Bukau B, Horwich AL: The Hsp70 and Hsp60 chaperone machines. Cell. 1998, 92 (3): 351-366. 10.1016/S0092-8674(00)80928-9.
Kurucz I, Morva A, Vaag A, Eriksson KF, Huang X, Groop L, Koranyi L: Decreased expression of heat shock protein 72 in skeletal muscle of patients with type 2 diabetes correlates with insulin resistance. Diabetes. 2002, 51 (4): 1102-1109. 10.2337/diabetes.51.4.1102.
Kang PJ, Ostermann J, Shilling J, Neupert W, Craig EA, Pfanner N: Requirement for hsp70 in the mitochondrial matrix for translocation and folding of precursor proteins. Nature. 1990, 348 (6297): 137-143. 10.1038/348137a0.
Martin J, Horwich AL, Hartl FU: Prevention of protein denaturation under heat stress by the chaperonin Hsp60. Science. 1992, 258 (5084): 995-998. 10.1126/science.1359644.
Basso AD, Solit DB, Chiosis G, Giri B, Tsichlis P, Rosen N: Akt forms an intracellular complex with heat shock protein 90 (Hsp90) and Cdc37 and is destabilized by inhibitors of Hsp90 function. J Biol Chem. 2002, 277 (42): 39858-39866. 10.1074/jbc.M206322200.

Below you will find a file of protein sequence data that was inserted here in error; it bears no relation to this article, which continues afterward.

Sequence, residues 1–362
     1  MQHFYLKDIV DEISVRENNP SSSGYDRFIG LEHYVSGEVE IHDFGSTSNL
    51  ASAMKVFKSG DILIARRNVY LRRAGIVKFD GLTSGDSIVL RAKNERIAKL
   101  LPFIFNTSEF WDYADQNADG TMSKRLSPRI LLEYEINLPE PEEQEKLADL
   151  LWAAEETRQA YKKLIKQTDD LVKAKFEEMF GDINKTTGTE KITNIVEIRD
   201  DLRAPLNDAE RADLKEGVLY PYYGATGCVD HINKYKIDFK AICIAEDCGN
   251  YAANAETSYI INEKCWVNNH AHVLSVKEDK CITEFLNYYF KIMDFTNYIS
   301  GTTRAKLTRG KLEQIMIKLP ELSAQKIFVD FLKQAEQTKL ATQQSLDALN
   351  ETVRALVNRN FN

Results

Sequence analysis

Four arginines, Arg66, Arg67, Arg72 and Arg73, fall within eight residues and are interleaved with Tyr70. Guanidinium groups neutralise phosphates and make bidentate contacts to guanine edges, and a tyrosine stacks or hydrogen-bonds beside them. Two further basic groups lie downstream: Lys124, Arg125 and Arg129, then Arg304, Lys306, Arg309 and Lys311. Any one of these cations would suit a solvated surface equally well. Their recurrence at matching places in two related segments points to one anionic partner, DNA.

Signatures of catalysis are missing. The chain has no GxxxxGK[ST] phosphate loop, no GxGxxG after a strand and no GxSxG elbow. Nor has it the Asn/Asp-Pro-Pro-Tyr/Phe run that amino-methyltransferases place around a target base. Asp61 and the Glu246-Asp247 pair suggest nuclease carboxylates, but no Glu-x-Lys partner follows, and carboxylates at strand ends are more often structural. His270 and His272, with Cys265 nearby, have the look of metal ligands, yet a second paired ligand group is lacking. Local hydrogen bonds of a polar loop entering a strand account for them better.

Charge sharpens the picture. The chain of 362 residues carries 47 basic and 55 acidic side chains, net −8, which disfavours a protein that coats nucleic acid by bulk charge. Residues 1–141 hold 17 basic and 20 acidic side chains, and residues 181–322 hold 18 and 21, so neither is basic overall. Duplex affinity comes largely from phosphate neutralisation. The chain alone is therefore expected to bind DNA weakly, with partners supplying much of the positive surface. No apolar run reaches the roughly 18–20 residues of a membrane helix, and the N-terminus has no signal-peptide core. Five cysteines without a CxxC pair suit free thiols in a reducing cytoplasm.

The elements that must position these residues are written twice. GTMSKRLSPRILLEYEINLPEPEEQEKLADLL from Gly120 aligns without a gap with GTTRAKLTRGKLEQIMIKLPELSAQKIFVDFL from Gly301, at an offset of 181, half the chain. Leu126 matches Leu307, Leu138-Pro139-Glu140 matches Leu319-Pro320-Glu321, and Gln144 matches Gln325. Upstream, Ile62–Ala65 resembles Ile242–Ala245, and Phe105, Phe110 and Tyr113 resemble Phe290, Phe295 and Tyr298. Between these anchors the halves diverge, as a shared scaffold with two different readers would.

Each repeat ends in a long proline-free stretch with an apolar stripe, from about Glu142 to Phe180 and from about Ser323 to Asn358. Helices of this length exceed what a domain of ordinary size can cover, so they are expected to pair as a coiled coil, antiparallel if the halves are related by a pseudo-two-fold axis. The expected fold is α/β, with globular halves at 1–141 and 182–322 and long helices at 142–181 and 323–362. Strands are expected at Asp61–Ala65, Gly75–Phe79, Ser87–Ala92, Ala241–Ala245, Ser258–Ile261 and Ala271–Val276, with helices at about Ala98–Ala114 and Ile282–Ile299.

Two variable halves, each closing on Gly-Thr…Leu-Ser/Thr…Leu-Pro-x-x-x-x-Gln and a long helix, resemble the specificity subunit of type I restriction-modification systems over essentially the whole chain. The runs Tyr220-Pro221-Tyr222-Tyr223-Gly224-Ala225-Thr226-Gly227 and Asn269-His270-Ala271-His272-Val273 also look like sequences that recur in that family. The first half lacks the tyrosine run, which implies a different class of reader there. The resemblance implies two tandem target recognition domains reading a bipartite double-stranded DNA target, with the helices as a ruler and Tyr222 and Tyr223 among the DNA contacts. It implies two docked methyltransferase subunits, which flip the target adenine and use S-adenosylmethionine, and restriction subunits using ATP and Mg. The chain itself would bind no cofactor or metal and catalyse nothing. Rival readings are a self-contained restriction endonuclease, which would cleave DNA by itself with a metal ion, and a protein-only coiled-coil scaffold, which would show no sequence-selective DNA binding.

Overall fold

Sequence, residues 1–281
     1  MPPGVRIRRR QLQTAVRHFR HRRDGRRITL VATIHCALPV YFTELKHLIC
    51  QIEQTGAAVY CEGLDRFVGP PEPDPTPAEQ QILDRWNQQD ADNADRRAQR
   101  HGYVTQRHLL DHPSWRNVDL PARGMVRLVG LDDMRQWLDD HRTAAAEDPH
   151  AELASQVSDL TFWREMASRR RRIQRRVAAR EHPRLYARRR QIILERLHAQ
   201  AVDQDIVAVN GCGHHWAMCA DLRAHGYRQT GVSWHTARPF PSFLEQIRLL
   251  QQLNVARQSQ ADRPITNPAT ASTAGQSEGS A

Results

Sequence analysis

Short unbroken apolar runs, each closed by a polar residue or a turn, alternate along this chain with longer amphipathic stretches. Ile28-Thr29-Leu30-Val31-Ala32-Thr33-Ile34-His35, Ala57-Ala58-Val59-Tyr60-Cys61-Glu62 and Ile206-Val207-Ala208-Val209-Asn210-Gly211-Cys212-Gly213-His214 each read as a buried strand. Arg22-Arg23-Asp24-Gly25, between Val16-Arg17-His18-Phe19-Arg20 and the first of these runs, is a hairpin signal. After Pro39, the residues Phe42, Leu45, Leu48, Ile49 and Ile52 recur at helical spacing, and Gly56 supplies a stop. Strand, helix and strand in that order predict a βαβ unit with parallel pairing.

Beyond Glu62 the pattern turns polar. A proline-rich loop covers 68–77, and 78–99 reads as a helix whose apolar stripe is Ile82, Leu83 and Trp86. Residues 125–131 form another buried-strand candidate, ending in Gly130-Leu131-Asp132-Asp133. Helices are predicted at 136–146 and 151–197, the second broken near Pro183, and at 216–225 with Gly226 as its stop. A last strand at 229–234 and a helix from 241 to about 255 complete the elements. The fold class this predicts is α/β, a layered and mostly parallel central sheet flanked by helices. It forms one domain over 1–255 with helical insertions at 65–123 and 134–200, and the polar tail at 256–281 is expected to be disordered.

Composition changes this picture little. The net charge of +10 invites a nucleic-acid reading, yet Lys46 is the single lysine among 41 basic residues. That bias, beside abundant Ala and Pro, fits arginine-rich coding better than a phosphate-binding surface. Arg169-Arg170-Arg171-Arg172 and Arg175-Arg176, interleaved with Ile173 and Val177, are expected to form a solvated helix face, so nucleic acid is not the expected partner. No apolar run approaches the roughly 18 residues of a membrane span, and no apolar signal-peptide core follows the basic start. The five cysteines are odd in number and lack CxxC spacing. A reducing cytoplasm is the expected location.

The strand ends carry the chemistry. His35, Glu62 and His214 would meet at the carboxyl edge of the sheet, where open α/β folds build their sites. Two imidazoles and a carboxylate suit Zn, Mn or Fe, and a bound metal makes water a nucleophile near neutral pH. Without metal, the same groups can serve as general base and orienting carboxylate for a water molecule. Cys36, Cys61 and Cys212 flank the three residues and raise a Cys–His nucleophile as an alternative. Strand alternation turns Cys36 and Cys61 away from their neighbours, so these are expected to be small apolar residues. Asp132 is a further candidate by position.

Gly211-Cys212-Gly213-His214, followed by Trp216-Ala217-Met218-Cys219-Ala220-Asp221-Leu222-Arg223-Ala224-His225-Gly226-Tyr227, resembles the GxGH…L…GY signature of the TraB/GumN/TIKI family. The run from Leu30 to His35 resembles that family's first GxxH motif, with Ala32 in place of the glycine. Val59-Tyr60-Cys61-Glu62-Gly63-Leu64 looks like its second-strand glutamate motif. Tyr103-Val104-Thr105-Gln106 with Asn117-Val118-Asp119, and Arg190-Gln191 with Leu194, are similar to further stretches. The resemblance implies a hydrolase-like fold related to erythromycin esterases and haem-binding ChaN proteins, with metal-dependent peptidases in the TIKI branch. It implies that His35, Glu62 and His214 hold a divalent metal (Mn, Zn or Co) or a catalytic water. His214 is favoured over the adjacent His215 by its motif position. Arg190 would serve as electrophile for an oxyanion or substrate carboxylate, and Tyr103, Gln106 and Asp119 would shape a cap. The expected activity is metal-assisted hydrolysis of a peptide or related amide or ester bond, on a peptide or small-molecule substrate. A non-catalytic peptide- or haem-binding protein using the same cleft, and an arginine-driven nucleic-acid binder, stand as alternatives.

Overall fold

Csermely P, Schnaider T, Soti C, Prohaszka Z, Nardai G: The 90-kDa molecular chaperone family: structure, function, and clinical applications. A comprehensive review. Pharmacol Ther. 1998, 79 (2): 129-168. 10.1016/S0163-7258(98)00013-8.
Liu Y, Steinacker JM: Changes in skeletal muscle heat shock proteins: pathological significance. Front Biosci. 2001, 6: D12-25. 10.2741/Liu.
Locke M, Noble EG, Atkinson BG: Inducible isoform of HSP70 is constitutively expressed in a muscle fiber type specific pattern. Am J Physiol. 1991, 261 (5 Pt 1): C774-9.
Ornatsky OI, Connor MK, Hood DA: Expression of stress proteins and mitochondrial chaperonins in chronically stimulated skeletal muscle. Biochem J. 1995, 311 (1): 119-123.
Valko M, Leibfritz D, Moncol J, Cronin MT, Mazur M, Telser J: Free radicals and antioxidants in normal physiological functions and human disease. Int J Biochem Cell Biol. 2007, 39 (1): 44-84. 10.1016/j.biocel.2006.07.001.
Dominguez C, Ruiz E, Gussinye M, Carrascosa A: Oxidative stress at onset and in early stages of type 1 diabetes in children and adolescents. Diabetes Care. 1998, 21 (10): 1736-1742. 10.2337/diacare.21.10.1736.